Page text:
LONDON, June 8 (Reuters Breakingviews) - Aviva (AV.L) may find its new activist rather helpful. Cevian Capital has taken a 5% stake in the 16 billion pound British insurer. Far from rubbishing Chief Executive Amanda Blanc’s strategy, the Swedish investor is sold on its general direction. As such it could ensure she hits her targets, and may even enable a lucrative sale.
Aviva is Cevian’s third British insurance target. The activist, known for its relatively friendly approaches, owned stakes in Old Mutual (OMUJ.J) and more recently RSA, which was gobbled up for a toppy 7 billion pounds by a consortium including Canada’s Intact Financial (IFC.TO) and Danish insurer Tryg (TRYG.CO) in November last year. It wants Blanc to release 5 billion pounds of excess capital next year, crank her cost-cut targets from over 300 million pounds to 500 million pounds by 2023 and double the share price to 8 pounds within three years.
Cevian is pushing on an open door. Blanc has already promised to return any excess capital beyond the insurer’s 180% solvency ratio. Having sold off the French, Polish and other businesses she will focus on the UK, Ireland and Canada. The divestments alone will boost Aviva’s solvency ratio to over 250%. That means she can release over 70% of the 9.1 billion pound solvency capital requirement Aviva stated at its first-quarter results, or 6.6 billion pounds.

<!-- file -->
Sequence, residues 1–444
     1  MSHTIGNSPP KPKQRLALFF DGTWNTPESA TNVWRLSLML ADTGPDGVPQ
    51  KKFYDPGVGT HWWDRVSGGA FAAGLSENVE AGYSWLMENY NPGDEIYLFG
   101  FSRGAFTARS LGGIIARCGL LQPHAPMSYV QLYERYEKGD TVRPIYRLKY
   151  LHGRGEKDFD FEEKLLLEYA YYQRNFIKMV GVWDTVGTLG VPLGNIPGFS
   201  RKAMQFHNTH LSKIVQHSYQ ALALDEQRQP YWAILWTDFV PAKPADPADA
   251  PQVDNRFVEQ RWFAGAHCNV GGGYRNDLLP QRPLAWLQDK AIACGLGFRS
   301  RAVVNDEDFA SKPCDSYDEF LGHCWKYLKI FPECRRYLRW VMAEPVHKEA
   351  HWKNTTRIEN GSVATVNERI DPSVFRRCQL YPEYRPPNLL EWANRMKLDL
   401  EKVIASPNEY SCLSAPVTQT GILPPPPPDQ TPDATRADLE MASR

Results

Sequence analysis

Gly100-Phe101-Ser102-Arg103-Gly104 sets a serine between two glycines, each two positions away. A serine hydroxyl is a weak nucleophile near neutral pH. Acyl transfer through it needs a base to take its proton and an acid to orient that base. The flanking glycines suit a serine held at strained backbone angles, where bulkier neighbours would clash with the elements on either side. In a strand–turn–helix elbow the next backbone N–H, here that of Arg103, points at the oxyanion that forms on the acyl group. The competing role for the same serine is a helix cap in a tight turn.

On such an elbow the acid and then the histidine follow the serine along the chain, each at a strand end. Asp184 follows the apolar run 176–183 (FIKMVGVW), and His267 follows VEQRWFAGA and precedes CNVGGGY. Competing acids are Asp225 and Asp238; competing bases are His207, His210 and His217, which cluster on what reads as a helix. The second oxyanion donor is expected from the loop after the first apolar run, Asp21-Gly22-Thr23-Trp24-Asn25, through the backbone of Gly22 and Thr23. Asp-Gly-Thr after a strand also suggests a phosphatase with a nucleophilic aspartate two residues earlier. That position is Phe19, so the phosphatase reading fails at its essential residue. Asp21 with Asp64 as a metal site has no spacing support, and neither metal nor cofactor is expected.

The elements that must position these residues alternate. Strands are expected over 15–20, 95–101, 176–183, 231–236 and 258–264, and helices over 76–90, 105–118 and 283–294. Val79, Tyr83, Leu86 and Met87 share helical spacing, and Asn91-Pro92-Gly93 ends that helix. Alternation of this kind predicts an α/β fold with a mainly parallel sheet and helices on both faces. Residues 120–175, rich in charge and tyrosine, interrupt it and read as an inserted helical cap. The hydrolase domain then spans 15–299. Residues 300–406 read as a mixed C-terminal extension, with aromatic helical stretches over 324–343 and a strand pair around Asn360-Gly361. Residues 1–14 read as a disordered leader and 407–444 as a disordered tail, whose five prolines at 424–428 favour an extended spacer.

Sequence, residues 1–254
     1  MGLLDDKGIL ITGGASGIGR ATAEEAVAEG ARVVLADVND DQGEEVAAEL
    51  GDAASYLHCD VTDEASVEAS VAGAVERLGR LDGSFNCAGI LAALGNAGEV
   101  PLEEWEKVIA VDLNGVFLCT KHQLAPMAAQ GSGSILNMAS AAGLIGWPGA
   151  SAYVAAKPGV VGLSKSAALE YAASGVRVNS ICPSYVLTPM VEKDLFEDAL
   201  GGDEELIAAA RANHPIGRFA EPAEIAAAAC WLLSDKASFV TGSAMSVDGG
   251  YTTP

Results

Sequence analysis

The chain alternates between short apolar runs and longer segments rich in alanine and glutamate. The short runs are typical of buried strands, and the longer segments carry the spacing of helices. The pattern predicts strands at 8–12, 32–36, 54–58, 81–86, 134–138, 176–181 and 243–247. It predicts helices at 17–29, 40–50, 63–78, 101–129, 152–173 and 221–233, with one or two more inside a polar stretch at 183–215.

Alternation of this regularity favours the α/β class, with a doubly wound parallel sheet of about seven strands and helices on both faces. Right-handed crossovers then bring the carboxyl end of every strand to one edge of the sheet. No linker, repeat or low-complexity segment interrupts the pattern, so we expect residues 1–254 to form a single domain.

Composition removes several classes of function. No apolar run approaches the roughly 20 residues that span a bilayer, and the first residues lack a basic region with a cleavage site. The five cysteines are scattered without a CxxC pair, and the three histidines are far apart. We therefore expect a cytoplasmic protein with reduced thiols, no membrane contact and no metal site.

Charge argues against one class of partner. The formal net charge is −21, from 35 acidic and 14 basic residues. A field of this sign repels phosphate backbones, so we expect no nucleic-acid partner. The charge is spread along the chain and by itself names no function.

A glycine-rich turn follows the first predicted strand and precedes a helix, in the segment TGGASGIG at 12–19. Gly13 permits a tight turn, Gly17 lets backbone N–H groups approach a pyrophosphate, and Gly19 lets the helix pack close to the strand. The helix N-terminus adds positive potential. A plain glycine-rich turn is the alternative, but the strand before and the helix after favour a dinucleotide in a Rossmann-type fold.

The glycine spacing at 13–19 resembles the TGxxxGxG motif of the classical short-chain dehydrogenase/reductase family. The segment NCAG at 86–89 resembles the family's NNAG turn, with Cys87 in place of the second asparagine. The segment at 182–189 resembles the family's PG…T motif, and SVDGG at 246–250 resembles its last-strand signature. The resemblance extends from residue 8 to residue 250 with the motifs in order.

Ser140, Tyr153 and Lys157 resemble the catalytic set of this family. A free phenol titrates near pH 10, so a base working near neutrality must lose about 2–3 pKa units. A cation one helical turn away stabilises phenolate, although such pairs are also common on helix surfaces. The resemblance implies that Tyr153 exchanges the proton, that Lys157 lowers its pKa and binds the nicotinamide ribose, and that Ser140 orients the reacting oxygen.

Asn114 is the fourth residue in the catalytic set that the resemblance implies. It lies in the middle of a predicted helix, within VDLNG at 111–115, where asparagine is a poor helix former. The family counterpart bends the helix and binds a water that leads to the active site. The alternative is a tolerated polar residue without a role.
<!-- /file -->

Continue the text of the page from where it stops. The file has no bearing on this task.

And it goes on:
At Aviva’s current 4.13 pound share price, a 5 billion pound buyback could reduce the group’s 3.9 million shares to 2.7 million. Assuming Blanc invests 300 million pounds, the remaining 1.3 billion pounds could bump up the dividend. The lower share count and higher payout could see her dividend per share double to 48 pence.
The catch, as demonstrated by Aviva shares’ relatively muted 3.5% response on Tuesday, is that investors already know the potential. Yet the company still only trades on 8 times its forward earnings, a steep discount to rivals’ 13 times, according to Refinitiv. Still, if Cevian’s prodding incentivises Blanc to hit her own targets, then a potential buyer may take a more positive view.
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- Activist investor Cevian Capital said on June 8 it had built up a 4.95% stake in Aviva and that the British insurer should be able to return 5 billion pounds of excess capital in 2022.
- Cevian said Aviva has been poorly managed for many years, and its high-quality core businesses have been held back by high costs and a series of bad strategic decisions.
- Cevian said Aviva would be able to return the 5 billion pounds of excess capital once it had completed earmarked disposals. The investor is also predicting cost cuts of 500 million pounds by 2023.
- Aviva should be able to have a value in excess of 8 pounds per share within three years, and more than double the dividend to 45 pence, Cevian added.
- Shares in Aviva were up 3.5% at 425 pence by 0721 GMT on June 8.
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